Nancy Kelly, 73, whose 1950s role as the...


January 16, 1995

Nancy Kelly, 73, whose 1950s role as the murderous-suicidal mother in "The Bad Seed" won her a Tony Award for the Broadway play and an Academy Award nomination for the movie version, died of natural causes at her home in Bel Air, Calif., publicist Jeffrey Godsick said Friday. He didn't specify when the actress died. Ms. Kelly acted in plays and movies as a child in the 1920s, then worked in radio and later returned to the screen in adult roles.

Walter Sheridan, 69, a federal investigator who played a key role in the investigation of former Teamsters President James R. Hoffa, died of lung cancer Thursday in Washington. Mr. Sheridan was an investigator for the Senate rackets subcommittee in the 1950s, when Robert F. Kennedy was its chief counsel and then-Sen. John F. Kennedy was a member. The subcommittee's disclosure of ties between Hoffa and organized crime figures resulted in the Teamsters being expelled from the AFL-CIO.

Edwin A. Rothschild, 84, who led the Illinois American Civil Liberties Union through its controversial defense of Nazi supporters seeking the right to march in Skokie, Ill., in 1977, died Tuesday in Chicago. Mr. Rothschild spent more than 30 years with the ACLU, as a board member, president and general counsel. He received the organization's Roger Baldwin Award and Lifetime Achievement Award for Distinguished Service.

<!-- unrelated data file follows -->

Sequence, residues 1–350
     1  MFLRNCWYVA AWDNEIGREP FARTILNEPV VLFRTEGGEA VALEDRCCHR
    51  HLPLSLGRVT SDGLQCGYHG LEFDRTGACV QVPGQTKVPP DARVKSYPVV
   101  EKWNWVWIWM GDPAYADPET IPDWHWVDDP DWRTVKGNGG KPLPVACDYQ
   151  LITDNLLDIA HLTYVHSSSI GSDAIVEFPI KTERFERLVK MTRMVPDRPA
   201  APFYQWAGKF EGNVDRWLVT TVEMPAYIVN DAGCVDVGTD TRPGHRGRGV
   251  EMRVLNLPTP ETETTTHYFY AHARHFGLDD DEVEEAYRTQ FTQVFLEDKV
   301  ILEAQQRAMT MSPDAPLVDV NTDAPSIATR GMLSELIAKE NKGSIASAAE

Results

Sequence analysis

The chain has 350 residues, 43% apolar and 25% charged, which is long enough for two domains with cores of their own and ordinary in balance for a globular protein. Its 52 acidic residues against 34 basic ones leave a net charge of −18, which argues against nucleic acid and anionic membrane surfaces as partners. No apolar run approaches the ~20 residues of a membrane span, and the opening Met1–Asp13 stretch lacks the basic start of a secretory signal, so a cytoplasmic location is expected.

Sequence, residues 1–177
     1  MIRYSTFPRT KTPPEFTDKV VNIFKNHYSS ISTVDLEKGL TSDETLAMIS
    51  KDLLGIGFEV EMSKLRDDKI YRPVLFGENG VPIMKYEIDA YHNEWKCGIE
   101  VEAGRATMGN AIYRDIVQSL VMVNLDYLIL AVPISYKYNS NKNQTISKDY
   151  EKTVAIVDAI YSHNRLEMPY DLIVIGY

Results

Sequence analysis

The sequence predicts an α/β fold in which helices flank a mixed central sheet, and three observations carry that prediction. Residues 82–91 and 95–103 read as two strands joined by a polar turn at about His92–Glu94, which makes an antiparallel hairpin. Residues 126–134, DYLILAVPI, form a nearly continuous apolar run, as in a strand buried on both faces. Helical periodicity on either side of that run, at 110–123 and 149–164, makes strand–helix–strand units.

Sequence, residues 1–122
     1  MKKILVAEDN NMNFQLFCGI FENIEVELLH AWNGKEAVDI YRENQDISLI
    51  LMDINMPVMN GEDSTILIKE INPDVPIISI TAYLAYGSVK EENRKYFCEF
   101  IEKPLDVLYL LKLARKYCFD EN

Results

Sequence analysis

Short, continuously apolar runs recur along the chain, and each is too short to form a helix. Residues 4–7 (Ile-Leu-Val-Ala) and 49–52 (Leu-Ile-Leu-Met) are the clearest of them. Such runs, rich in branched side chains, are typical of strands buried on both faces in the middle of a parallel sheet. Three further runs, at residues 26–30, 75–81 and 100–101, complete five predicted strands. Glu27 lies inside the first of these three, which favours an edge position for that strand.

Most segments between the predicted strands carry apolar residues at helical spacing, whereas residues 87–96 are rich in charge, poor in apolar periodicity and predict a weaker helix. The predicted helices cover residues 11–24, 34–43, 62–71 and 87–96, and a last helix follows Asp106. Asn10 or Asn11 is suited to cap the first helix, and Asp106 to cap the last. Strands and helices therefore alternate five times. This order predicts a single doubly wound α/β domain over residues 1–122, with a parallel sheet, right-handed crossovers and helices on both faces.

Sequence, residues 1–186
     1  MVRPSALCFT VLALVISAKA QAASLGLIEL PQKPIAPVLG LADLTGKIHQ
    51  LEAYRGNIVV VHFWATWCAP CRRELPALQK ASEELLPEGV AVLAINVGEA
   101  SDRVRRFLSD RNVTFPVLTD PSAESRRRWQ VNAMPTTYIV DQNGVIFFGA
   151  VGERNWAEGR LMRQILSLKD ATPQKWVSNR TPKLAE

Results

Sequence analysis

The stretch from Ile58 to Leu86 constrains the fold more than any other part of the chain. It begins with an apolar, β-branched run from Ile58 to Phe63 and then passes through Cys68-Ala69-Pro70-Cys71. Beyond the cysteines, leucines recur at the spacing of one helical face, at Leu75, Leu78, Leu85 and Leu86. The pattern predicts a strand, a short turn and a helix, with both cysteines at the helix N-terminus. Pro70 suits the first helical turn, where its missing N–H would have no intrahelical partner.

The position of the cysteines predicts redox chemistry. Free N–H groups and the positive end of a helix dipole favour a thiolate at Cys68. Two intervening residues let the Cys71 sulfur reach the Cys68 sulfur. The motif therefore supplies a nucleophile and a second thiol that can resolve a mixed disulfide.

George Price, 93, whose geometric cartoons featuring abstract lines and husband-wife arguments appeared in The New Yorker magazine for more than 50 years, died Thursday in Tenafly, N.J. Mr. Price did advertising art and cartoons for Life, Collier's and The Saturday Evening Post magazines in the 1920s before becoming a regular contributor to The New Yorker.

Helen Kedrick Knopf, 92, an author and the widow of New York publisher Alfred A. Knopf, died Saturday in Medford, Ore. Her poems and stories appeared in The New Yorker, Harper's, Atlantic Monthly, Liberty, Collier's, and The Saturday Evening Post. Her only book, "The Blood Remembers," was published by Knopf in 1941.

Ralph Merrifield, a British archaeologist and authority on London when it belonged to the Roman Empire, died Jan. 9, at King's College Hospital, London. He was 81 and lived in London. The cause was cardiac arrest, said his wife, Lysbeth.

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